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In re Detention of Morgan

Supreme Court of Washington, En Banc

May 8, 2014

In the Matter of the Detention of Clinton Morgan , Petitioner

Argued: September 17, 2013.

Page 775

Appeal from Grays Harbor County Superior Court. No. 04-2-01183-0. Honorable Gordon L. Godfrey.

Susan F. Wilk, for petitioner.

Robert W. Ferguson, Attorney General, and Anne E. Egeler and Brooke E. Burbank, Assistants, for respondent.

Sarah A. Dunne and Nancy L. Talner on behalf of ACLU, amicus curiae.

AUTHOR: Justice Steven C. González. WE CONCUR: Chief Justice Barbara A. Madsen, Justice Charles W. Johnson, Justice Susan Owens, Justice Charles K. Wiggins, James M. Johnson, Justice Pro Tem. AUTHOR: Justice Debra L. Stephens. WE CONCUR: Justice Sheryl Gordon McCloud. AUTHOR: Justice Sheryl Gordon McCloud. WE CONCUR: Justice Mary E. Fairhurst.

OPINION

Page 776

González, J.

[180 Wn.2d 315] ¶ 1 -- In 2008, Clinton Morgan was awaiting his civil commitment trial to determine if he was likely to engage in predatory acts of sexual violence if not confined to a secure facility. Defense counsel became concerned that Morgan, who had been diagnosed with schizophrenia, was exhibiting psychotic symptoms. Morgan's counsel requested a competency determination and sought an order for involuntary medication to control Morgan's delusions during trial. The trial judge determined that Morgan was incompetent, appointed a guardian ad litem to represent his interests, and ordered involuntary medication. His trial followed, and the jury unanimously found him to be a sexually violent predator. He is now confined in the Special Commitment Center.

¶ 2 Morgan asks us to reverse his commitment order, arguing that he has a due process right to be competent during a sexually violent predator trial and arguing that a pretrial in-chambers conference violated his right to a public trial. We affirm his commitment.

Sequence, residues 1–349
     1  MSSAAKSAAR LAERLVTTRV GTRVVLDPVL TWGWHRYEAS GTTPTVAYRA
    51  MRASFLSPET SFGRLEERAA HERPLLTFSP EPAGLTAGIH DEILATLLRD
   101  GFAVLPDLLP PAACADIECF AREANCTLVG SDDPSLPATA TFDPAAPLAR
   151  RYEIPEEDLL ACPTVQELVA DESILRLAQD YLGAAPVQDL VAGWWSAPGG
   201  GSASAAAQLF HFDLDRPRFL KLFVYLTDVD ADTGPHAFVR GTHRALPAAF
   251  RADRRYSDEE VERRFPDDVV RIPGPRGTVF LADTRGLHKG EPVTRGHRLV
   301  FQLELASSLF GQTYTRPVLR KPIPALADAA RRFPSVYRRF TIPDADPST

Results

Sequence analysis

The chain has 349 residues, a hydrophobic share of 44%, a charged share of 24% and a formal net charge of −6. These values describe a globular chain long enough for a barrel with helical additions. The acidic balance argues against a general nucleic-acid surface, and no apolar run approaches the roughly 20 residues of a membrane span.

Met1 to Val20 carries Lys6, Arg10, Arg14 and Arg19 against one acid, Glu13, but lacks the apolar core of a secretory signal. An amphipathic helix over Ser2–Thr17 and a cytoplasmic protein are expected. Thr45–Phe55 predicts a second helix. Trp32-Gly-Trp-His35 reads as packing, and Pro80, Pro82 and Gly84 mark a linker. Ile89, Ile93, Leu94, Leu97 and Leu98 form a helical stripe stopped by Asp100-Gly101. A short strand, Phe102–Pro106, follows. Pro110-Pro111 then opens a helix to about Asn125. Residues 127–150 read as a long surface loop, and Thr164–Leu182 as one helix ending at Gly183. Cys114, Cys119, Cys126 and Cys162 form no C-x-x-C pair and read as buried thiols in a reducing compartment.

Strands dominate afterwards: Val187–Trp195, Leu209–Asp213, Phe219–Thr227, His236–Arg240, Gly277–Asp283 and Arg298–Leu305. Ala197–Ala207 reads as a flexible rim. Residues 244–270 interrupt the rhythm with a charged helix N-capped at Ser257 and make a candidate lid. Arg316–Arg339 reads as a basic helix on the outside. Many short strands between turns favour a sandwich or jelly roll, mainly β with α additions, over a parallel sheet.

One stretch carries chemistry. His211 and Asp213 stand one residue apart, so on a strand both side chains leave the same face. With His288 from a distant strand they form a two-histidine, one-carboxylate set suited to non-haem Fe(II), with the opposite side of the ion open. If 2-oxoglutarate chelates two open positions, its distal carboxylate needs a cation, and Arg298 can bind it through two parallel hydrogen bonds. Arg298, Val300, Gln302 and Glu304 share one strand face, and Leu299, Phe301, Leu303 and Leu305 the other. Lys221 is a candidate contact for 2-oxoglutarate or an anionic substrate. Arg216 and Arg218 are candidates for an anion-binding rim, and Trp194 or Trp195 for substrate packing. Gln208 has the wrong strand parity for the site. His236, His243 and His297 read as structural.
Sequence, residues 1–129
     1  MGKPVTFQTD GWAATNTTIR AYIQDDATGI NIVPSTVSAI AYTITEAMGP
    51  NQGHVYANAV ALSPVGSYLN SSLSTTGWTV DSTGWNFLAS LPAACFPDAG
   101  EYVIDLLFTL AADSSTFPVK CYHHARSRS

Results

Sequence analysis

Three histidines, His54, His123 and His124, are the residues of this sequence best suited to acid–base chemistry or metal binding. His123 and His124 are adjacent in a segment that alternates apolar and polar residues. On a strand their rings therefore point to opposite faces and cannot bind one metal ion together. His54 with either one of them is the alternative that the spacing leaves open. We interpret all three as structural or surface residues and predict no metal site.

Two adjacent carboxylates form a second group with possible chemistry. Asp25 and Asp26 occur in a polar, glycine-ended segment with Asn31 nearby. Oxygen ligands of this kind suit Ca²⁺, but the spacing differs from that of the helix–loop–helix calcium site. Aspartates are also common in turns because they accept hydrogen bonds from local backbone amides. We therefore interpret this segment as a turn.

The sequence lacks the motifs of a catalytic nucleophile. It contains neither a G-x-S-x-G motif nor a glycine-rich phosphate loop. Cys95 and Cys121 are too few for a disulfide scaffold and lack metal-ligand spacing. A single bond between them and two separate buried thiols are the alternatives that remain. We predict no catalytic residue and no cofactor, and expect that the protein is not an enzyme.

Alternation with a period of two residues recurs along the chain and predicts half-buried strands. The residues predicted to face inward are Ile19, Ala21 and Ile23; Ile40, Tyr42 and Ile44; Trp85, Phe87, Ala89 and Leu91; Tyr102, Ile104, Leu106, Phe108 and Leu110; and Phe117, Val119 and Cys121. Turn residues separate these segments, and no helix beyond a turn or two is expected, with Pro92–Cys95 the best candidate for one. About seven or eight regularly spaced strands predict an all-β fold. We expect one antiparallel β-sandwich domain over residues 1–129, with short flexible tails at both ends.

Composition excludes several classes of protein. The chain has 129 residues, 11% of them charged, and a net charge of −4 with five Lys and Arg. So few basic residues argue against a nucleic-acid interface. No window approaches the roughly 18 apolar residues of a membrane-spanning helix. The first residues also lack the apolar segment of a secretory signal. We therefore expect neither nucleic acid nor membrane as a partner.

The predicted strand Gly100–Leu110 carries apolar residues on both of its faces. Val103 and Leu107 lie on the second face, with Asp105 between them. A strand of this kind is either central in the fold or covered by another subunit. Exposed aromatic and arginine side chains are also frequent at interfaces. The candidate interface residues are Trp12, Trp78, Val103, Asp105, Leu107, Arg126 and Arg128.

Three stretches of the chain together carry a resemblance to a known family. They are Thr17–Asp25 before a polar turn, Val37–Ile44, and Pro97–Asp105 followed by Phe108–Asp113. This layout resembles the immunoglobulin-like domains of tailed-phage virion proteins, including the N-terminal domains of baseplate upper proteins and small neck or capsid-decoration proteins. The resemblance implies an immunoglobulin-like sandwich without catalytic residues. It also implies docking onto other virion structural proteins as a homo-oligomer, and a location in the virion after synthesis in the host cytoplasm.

Facts and Procedural History

¶ 3 Morgan carries a diagnosis of chronic undifferentiated schizophrenia. He has trouble distinguishing fantasy from reality and has invented an alter ego, a magical persona named Moregaine.

¶ 4 The evidence suggests that Morgan was physically abused as a young child and began committing sexual offenses in his early adolescence. At the age of 13, he pleaded guilty in a juvenile adjudication to indecent liberties with a 15-year-old girl. He was sentenced to 65 weeks in a Juvenile Rehabilitation Administration (JRA) program, where he participated in sexual deviancy treatment. At the [180 Wn.2d 316] juvenile facility he was found to have limited cognitive skills, he exhibited problems distinguishing between fantasy and reality, and he disclosed stimulating and " pervasive, severely sadistic homicidal fantasies." 2 Verbatim Report of Proceedings (VRP) (Aug. 7, 2008) at 175. In the opinion of his juvenile rehabilitation counselor, when Morgan left he did not have a " very good grasp on or understanding

Page 777

of his sexual behavior and what would motivate him in that regard." 1 VRP (Aug. 4-6, 2008) at 41.